The National Trust Portal is a digital asset management platform for brand licensees and was designed to keep stakeholders on the same file version, improving brand consistency across the board. With all relevant files accessed through one distribution platform, it’s the perfect way to enhance marketing efficiency. An alternative would be having human resources sending files direct to the licensees, potentially introducing the risk of human error, such as the loss of files or providing out-of-date versions, which could delay processes.

     

  • TACT portal – Non-public forum:

    The main purpose of the TACT portal forum is to facilitate stakeholder network’s communications, along with a central resource for policy documents and blogs or news. By adding a detailed user access management system, the forum simply controls what information can be seen in certain locations, keeping content relevant to all users, regardless of their whereabouts. In addition, a targeted events and training feed serves as a 24/7 point of reference for the latest opportunities in the relevant location.

The web portal development process

Web portal development steps include:

  1. Brainstorming

    The first step before designing a web portal is brainstorming and research. In this stage you’ll need to answer questions on your main purpose, goals and the basic features your portal will need. Remember, web portals are driven by utility and it’s important to design something that will work for its users. Think about who your main target audience is too. This is extremely important as it’ll shape the portals content and design stage.

  2. Planning

    With your target audience and goals in mind, it’s time to establish user access needs. Will the content change based on who has logged in? What information is needed to achieve your short and long term goals? These are questions that you should know the answer to.

    Collate all of the information together from the brainstorming stage to create a site map and user access level map. This will indicate what content is needed on the site and is essential to developing a navigational system.  

    In this stage, you should also consider things such as what content management system (like WordPress) to use, what integrations are required and the specific interactive elements it needs, such as eCommerce functionality or discussion boards.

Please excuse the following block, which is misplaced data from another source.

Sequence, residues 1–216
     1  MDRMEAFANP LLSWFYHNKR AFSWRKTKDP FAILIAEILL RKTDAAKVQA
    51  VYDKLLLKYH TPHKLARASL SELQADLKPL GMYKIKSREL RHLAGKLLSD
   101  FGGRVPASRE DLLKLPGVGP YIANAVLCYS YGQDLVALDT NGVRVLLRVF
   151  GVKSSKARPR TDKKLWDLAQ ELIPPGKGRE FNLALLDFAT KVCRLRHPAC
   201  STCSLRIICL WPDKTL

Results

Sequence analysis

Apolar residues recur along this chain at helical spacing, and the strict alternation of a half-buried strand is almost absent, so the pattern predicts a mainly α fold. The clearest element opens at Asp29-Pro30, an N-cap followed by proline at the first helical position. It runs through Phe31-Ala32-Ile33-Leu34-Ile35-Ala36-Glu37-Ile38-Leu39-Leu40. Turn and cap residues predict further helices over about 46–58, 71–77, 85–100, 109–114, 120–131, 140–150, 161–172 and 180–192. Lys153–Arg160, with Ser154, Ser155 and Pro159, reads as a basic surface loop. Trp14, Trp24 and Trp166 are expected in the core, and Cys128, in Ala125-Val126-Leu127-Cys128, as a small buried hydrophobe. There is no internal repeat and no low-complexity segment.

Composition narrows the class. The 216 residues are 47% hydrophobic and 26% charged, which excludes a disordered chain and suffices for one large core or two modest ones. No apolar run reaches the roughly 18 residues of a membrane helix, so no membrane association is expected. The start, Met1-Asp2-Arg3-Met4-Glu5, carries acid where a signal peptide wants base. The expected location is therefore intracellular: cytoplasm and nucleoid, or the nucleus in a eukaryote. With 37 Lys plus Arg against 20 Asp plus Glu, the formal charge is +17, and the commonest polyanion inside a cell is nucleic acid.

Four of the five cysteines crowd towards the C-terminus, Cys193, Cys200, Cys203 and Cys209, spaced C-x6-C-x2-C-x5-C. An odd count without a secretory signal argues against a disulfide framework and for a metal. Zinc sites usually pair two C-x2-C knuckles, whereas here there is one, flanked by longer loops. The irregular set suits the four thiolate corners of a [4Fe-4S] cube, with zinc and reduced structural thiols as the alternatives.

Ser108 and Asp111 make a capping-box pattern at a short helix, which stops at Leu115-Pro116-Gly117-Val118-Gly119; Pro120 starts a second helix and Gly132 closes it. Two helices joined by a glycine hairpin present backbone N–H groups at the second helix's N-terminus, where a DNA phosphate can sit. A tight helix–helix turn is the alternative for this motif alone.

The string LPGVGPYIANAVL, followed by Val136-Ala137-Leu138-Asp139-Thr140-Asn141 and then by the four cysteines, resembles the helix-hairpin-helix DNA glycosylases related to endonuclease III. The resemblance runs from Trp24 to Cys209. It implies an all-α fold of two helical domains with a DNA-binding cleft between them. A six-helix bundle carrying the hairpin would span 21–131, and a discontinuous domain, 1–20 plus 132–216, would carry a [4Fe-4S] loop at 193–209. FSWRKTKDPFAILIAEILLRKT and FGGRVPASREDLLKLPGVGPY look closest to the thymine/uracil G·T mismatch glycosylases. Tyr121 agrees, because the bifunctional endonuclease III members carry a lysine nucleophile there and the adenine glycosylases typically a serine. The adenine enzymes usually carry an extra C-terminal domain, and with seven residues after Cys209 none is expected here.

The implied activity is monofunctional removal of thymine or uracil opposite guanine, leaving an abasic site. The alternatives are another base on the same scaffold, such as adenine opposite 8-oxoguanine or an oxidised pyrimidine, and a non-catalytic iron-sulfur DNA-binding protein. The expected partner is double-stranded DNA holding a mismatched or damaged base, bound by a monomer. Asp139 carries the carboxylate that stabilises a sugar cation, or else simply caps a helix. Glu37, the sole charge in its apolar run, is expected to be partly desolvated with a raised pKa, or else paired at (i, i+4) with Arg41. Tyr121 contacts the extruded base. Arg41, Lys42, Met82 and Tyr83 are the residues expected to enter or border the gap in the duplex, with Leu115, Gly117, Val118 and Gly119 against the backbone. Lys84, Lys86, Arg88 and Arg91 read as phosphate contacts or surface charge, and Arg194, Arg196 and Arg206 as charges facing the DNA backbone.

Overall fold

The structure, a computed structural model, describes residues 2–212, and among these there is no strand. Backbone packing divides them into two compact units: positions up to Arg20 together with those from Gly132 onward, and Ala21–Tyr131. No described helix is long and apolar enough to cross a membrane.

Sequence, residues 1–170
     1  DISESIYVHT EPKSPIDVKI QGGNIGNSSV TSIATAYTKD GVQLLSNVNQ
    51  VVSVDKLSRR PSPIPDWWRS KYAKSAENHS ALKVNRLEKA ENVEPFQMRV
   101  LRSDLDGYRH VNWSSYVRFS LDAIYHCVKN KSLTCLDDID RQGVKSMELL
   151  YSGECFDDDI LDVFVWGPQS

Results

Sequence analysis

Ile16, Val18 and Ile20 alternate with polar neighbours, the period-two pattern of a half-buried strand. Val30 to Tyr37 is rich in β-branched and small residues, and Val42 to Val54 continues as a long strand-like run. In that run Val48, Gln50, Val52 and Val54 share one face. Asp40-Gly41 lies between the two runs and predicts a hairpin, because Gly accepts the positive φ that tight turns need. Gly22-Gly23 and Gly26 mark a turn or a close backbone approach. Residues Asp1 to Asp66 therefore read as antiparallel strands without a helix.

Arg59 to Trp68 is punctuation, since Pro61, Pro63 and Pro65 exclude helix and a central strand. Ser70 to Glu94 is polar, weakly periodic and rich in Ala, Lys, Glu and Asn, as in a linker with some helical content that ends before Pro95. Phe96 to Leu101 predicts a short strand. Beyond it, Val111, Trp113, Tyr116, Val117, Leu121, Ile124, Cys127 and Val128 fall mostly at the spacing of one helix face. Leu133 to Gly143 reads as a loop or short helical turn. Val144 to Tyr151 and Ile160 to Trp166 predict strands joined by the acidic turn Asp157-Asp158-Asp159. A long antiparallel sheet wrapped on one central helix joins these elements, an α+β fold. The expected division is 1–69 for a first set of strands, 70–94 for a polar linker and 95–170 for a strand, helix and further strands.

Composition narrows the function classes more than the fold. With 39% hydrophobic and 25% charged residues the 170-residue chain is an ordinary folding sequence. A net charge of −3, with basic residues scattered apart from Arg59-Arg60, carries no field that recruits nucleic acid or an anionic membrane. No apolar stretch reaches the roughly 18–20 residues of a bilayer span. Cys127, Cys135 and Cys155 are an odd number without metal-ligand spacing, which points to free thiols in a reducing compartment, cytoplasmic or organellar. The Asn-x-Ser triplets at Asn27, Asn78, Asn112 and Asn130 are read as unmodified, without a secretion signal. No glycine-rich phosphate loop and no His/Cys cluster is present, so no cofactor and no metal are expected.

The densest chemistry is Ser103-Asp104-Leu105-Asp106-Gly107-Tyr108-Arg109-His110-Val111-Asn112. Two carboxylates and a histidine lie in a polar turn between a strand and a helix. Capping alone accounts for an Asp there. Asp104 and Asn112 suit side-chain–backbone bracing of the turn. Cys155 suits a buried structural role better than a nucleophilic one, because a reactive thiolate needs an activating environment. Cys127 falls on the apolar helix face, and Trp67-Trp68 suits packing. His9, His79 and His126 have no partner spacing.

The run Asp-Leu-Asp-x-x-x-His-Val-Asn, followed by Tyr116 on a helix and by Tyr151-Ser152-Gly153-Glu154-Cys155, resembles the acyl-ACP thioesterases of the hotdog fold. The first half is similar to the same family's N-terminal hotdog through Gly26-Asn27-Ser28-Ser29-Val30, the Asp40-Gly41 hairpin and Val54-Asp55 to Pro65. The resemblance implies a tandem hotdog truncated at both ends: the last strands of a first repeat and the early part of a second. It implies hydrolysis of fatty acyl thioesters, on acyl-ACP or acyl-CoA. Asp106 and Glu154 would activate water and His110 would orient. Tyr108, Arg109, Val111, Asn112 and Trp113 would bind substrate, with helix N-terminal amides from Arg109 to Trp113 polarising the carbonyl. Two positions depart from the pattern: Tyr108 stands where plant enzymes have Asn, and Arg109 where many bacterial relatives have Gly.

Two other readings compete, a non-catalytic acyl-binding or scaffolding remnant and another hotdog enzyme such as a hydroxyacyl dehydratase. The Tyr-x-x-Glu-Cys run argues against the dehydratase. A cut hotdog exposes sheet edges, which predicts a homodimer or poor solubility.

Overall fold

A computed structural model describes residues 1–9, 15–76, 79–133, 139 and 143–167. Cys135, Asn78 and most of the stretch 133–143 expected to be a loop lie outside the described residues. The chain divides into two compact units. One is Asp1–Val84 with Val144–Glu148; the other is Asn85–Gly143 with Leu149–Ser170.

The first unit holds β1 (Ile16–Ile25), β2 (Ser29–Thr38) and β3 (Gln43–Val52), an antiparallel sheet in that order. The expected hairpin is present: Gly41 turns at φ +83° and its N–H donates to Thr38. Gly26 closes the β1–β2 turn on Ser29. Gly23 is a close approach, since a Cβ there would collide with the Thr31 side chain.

3. Design

    Having a good web design and user experience is essential even in a non-public facing communications platform. The design elements of the portal should therefore reflect your brand, focus on utility, and also remain tailored to the topic and your target audience.

    When designing the prototype, choose a consistent theme and decide on what fonts, colours and images that you want to use.

    When writing content, make sure it’s informative, easy to access and easy to digest. Be sure to incorporate images and videos where necessary too.

  4. Development 

    In this stage your development team will create the website, bringing the prototype to life. The development team will be able to advise on the optimal order of the portal’s development, suiting both the established timeline and your internal processes. Our top tip is to ensure that the communication lines are open as there might be some areas that require further discussion or adjustment.

  5. Content upload & testing

    Conducting both development and user tests – once final content has been uploaded to the portal – is key. This step will help all stakeholders to understand any errors and fix bugs.

    Once this is done, all is signed-off and files are good to go to the hosting server, you’re ready to launch! Once launched, always remember to always keep the portal up-to-date and ensure it’s well-maintained.

Hopefully, you’ve learnt a little more about web portals and their design process with the help of our extensive guide.

So, will you be creating your own online portal? Let us know by tweeting us or contacting us directly.